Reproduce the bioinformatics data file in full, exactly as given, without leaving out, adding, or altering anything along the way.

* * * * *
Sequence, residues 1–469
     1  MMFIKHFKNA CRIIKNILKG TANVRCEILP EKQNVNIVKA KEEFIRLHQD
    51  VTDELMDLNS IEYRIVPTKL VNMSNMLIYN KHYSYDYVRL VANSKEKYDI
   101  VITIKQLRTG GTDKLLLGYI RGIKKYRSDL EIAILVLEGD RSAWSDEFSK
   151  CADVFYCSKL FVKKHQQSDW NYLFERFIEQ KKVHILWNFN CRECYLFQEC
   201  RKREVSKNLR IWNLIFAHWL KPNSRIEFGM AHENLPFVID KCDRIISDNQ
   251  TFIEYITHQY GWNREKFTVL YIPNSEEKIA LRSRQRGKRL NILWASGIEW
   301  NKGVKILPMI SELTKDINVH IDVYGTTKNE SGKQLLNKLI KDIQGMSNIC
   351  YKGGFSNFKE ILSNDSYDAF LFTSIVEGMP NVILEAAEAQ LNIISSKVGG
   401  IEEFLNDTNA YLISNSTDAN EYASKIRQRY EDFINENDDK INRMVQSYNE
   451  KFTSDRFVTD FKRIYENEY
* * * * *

Sequence, residues 1–469
     1  MMFIKHFKNA CRIIKNILKG TANVRCEILP EKQNVNIVKA KEEFIRLHQD
    51  VTDELMDLNS IEYRIVPTKL VNMSNMLIYN KHYSYDYVRL VANSKEKYDI
   101  VITIKQLRTG GTDKLLLGYI RGIKKYRSDL EIAILVLEGD RSAWSDEFSK
   151  CADVFYCSKL FVKKHQQSDW NYLFERFIEQ KKVHILWNFN CRECYLFQEC
   201  RKREVSKNLR IWNLIFAHWL KPNSRIEFGM AHENLPFVID KCDRIISDNQ
   251  TFIEYITHQY GWNREKFTVL YIPNSEEKIA LRSRQRGKRL NILWASGIEW
   301  NKGVKILPMI SELTKDINVH IDVYGTTKNE SGKQLLNKLI KDIQGMSNIC
   351  YKGGFSNFKE ILSNDSYDAF LFTSIVEGMP NVILEAAEAQ LNIISSKVGG
   401  IEEFLNDTNA YLISNSTDAN EYASKIRQRY EDFINENDDK INRMVQSYNE
   451  KFTSDRFVTD FKRIYENEY